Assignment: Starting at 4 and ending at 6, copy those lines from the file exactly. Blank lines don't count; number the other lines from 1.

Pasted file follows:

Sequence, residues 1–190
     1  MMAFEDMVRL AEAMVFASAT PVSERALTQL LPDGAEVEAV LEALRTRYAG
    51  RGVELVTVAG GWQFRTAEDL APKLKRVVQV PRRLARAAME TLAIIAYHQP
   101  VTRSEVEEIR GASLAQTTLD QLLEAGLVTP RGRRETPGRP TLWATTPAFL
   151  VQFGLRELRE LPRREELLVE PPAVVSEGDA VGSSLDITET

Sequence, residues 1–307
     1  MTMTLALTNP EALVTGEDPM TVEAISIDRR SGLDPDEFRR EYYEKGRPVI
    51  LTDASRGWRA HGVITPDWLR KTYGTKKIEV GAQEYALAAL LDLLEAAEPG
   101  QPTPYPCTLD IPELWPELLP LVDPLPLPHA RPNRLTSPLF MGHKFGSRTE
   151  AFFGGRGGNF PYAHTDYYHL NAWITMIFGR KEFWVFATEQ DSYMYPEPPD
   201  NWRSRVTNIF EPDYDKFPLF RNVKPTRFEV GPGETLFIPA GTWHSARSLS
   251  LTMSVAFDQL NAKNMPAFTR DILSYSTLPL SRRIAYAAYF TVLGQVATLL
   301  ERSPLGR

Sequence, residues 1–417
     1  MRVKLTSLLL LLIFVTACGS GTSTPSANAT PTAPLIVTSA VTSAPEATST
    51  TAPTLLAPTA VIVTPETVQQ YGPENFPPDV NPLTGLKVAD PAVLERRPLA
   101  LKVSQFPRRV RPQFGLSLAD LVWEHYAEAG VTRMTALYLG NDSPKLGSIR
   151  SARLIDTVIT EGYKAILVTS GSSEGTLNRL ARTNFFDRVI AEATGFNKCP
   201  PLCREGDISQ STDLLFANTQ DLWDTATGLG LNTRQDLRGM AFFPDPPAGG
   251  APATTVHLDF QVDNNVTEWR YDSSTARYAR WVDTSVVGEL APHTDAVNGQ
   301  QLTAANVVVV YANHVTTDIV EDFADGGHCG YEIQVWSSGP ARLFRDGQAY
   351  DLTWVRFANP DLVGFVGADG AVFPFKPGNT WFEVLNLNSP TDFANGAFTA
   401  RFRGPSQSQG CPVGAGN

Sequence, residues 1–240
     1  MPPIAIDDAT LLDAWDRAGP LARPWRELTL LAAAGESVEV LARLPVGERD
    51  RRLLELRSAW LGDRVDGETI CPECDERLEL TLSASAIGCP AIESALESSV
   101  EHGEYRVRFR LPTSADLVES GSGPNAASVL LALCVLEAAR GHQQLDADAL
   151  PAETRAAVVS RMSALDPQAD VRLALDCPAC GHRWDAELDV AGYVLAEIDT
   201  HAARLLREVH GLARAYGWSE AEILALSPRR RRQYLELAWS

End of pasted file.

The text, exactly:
   101  VTRSEVEEIR GASLAQTTLD QLLEAGLVTP RGRRETPGRP TLWATTPAFL
   151  VQFGLRELRE LPRREELLVE PPAVVSEGDA VGSSLDITET

Sequence, residues 1–307